Whatever claims have been made about the big manufacturors not being able to sucessfully market Linux offerings, I don't buy it. Every time there has been some big announcement that a major vendor was now offering pre-installed Linux systems, I've gone to their web site and tried to find any option of a desktop machine loaded with Linux anywhere on the site. I have always failed. If I can't find it even when I'm specifically looking, it doesn't count as an attempt to sell.
As for patents. I can only hope it doesn't go that way. There's a very small movement under way now to create a body of patents under the control of open-source people as a weapon for counter-strike, but I doubt it will work. Too little too late.
Sorry, littleman, I think you're way off base here.
In a utopia, you're right, *nix might overtake Windows in time. In the real world, it won't happen. Why? Because it's not the superior product that dominates, it's the company with the best marketing department.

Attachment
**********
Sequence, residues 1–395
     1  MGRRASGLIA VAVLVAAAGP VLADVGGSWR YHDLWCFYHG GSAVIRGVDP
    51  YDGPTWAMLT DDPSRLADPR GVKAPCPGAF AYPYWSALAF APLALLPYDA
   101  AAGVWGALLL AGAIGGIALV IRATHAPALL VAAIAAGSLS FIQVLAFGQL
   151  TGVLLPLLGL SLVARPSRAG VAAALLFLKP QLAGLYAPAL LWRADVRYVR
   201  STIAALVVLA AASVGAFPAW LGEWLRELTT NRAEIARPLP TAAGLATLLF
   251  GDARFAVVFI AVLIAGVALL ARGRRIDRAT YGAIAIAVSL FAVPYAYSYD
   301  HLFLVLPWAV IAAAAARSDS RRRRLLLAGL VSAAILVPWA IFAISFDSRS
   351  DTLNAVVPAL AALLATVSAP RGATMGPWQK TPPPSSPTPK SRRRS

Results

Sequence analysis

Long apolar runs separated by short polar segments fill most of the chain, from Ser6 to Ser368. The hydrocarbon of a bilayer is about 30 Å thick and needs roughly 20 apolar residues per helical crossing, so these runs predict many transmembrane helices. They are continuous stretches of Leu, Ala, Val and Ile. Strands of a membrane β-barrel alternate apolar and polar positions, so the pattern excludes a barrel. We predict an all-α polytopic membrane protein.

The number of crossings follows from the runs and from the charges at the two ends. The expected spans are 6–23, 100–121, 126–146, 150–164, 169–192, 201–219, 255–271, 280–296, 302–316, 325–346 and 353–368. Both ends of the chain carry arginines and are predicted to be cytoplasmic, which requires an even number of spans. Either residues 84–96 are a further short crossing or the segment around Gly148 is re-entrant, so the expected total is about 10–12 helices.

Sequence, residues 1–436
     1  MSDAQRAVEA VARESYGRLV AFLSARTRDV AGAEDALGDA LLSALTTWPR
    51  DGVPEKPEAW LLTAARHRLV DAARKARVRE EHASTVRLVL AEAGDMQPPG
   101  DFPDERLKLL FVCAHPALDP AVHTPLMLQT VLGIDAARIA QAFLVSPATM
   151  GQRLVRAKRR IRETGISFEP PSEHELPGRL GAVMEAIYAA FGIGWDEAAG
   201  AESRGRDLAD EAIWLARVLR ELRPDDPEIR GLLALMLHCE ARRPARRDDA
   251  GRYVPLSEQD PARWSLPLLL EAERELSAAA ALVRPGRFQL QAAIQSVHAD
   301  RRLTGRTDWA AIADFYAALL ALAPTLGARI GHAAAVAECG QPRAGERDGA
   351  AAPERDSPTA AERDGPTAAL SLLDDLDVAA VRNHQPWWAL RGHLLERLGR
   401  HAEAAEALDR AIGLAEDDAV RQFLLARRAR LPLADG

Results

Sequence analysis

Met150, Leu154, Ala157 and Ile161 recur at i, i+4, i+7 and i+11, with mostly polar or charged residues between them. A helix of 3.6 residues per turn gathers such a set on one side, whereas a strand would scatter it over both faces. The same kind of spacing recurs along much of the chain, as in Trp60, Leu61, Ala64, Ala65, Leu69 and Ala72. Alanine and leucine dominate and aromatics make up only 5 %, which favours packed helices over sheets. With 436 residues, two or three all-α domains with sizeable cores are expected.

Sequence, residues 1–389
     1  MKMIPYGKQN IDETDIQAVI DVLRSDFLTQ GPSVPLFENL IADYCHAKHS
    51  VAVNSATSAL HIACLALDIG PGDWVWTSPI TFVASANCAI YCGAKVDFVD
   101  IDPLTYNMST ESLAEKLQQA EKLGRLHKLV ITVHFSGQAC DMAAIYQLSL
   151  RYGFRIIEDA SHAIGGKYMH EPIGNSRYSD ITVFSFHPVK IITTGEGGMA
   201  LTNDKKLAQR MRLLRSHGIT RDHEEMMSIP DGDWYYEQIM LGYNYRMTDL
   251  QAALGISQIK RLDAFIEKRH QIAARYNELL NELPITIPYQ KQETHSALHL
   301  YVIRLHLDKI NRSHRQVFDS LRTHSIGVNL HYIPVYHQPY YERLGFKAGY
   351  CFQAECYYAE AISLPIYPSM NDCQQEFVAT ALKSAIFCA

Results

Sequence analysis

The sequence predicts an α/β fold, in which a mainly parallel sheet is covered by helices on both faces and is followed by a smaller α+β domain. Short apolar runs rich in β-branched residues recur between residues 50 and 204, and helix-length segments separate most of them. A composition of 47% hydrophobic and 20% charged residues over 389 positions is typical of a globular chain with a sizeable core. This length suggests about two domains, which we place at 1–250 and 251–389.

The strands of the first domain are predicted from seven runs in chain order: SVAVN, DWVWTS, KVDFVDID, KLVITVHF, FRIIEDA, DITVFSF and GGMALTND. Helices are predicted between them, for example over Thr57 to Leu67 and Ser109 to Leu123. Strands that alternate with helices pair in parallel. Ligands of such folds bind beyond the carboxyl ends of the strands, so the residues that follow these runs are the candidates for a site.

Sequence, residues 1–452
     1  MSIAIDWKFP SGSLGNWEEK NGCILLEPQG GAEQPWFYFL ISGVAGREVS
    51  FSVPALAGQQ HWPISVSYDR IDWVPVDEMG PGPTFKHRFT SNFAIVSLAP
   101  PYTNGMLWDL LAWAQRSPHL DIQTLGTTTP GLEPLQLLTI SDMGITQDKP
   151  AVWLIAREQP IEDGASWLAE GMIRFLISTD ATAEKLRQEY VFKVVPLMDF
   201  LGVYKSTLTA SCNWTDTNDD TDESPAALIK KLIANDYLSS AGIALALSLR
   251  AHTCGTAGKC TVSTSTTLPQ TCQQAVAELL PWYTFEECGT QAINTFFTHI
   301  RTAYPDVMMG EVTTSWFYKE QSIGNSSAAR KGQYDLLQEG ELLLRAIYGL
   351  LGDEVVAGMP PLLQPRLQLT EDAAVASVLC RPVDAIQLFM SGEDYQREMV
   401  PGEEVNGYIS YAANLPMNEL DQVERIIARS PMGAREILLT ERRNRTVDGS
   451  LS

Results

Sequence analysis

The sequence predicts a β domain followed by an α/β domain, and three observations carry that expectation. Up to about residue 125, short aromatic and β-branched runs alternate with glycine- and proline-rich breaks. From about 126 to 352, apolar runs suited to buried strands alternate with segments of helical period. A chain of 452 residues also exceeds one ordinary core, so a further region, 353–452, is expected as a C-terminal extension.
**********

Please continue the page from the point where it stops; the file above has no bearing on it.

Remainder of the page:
- Betamax is better than VHS, but how many people go to Blockbuster to rent Betamax tapes?
- Laser Disks were better too, but they came and went until the DVD finally arrived with Sony, Panasonic and the major Electronics makers backing them.
- OS/2 was far superior to Win 3.1 or Win 95, but it couldn't make a dent in the desktop market.
- Palm Pilots are kiddie toys compared to PocketPC's, yet they out-sell them 5 to 1
- Mac OS 10 is the "best of the best" *nix as far as useability is concerned, and it has the biggest company behind it. Yet they can't make more than a 3% dent in the market.
History is full of examples. Great marketing will beat great technology every time. It's only when you have the best combination of both that your product will succeed.
The various *nix distributors (with the exception of perhaps Sun) are all very small, very new, and very inexperienced in the business world. They just can't compete with Microsoft on a marketing basis. Until they can, they won't be able to secure deals with companies like Dell, Compaq, Gateway and Sony to distribute Linux based PC's on an equal footing with Windows.
Microsoft is currently running on a huge profit margin.
With time, Windows descendants will get better and at the same time Microsoft will be forced to drop prices.
Don't discard them yet.
With Open Source you don't have to reinvent the wheel so things can only go better, it's really a matter of time.
See Shoulders of Giants -- A Paper on the Inevitability of Open Source Dominance [cyber.com.au] for more detailed discussion.